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Computer games: what motivates New Zealand adolescents?

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dc.contributor.author Bell, Rebecca
dc.date.accessioned 2011-09-19T23:08:11Z
dc.date.accessioned 2022-10-30T23:16:09Z
dc.date.available 2011-09-19T23:08:11Z
dc.date.available 2022-10-30T23:16:09Z
dc.date.copyright 1998
dc.date.issued 1998
dc.identifier.uri https://ir.wgtn.ac.nz/handle/123456789/26449
dc.description.abstract Playing computer games has become an increasingly popular activity of New Zealand adolescents but the reasons behind this trend are largely under-researched. The purpose of this thesis was to explore why young New Zealand males and females play computer games. Adolescent motivations for computer game-playing were identified and comparisons were made with their motivations for participating in other leisure activities. The ways in which same-sex participants interacted when they played computer games was also investigated to provide further evidence of adolescents' motivations behind computer game-playing. A combination of qualitative and quantitative methods enabled 12 participants' experiences to be set in a broader context. The study involved two parts: firstly, the observational study that identified the interactions between same-sex pairs while playing a computer game; secondly, the open-ended questionnaire that discovered adolescents' attitudes to and motivations for computer game-playing and their participation in other leisure activities. The findings showed that computer game-playing is equally popular with males and females, although males tend to play more often and for longer periods of time. Other findings of the study were: the importance of fun, excitement, skill and competition as intrinsically motivating factors for male computer game players; the importance of challenge, fun, and excitement as intrinsically motivating factors for female computer game players. It was found that the intrinsically motivating factors for computer game-playing were not unlike the participants' reasons for playing sport and socialising. Co-operation was a strong behaviour for both males and females in the study, as was control that was displayed through instances of dominance. The concepts of assimilation and flow offered a possible explanation for why adolescents play computer games as a leisure activity. en_NZ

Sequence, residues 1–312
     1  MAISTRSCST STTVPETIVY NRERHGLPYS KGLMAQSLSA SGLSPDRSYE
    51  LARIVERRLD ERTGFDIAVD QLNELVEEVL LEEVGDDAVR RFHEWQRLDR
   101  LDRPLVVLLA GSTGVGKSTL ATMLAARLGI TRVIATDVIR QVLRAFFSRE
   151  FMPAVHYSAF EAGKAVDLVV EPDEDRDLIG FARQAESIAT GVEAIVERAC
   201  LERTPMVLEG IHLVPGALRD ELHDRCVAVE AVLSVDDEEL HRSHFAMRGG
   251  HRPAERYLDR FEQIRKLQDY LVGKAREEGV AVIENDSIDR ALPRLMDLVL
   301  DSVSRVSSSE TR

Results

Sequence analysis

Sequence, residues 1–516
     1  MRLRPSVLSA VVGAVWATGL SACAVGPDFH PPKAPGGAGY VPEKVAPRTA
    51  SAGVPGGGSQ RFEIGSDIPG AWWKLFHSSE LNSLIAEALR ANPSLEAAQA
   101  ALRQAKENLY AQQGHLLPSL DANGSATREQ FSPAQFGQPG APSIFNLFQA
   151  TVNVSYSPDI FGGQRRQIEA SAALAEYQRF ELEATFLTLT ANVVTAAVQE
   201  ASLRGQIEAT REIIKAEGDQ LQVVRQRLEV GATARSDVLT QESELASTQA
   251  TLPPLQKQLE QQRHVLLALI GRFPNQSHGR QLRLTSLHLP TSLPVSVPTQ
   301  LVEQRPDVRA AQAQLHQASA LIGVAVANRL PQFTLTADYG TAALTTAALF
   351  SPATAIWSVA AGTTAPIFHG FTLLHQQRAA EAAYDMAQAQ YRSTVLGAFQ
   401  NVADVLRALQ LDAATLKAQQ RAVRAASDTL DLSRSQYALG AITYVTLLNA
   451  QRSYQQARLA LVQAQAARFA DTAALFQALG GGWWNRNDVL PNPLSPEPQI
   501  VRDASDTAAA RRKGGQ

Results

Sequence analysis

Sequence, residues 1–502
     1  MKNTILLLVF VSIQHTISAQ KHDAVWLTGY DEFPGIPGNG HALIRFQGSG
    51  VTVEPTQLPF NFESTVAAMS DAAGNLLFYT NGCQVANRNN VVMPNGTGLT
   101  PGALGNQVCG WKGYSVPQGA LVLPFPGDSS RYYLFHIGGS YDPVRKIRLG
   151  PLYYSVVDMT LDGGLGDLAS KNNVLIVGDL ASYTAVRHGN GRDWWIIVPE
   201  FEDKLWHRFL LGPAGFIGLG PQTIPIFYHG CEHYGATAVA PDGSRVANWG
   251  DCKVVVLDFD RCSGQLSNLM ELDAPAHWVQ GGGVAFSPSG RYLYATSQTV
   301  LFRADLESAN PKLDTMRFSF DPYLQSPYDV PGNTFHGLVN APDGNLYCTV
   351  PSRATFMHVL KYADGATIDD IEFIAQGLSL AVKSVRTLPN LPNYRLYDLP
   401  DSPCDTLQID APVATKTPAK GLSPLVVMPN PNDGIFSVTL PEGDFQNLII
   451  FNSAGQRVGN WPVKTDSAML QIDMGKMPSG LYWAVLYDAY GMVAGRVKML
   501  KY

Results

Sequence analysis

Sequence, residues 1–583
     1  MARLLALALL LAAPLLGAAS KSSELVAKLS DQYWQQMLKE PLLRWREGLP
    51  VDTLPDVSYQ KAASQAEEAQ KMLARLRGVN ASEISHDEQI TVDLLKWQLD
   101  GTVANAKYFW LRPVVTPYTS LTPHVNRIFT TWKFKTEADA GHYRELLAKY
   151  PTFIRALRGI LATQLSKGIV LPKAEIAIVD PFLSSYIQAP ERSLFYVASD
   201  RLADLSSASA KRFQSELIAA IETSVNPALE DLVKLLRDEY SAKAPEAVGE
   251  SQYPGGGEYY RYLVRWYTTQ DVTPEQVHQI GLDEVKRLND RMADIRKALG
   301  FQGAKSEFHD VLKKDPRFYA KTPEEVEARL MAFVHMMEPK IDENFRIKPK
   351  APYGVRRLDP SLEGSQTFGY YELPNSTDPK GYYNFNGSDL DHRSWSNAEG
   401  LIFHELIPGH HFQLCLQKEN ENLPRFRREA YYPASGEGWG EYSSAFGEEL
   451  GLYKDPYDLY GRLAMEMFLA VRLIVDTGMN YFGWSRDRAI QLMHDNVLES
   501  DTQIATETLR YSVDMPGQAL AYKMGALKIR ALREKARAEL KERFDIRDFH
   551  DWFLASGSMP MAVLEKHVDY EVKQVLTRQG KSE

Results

dc.format pdf en_NZ
dc.language en_NZ
dc.language.iso en_NZ
dc.publisher Te Herenga Waka—Victoria University of Wellington en_NZ
dc.title Computer games: what motivates New Zealand adolescents? en_NZ
dc.type Text en_NZ
vuwschema.type.vuw Awarded Research Masters Thesis en_NZ
thesis.degree.discipline Recreation and Leisure Studies en_NZ
thesis.degree.grantor Te Herenga Waka—Victoria University of Wellington en_NZ
thesis.degree.level Masters en_NZ


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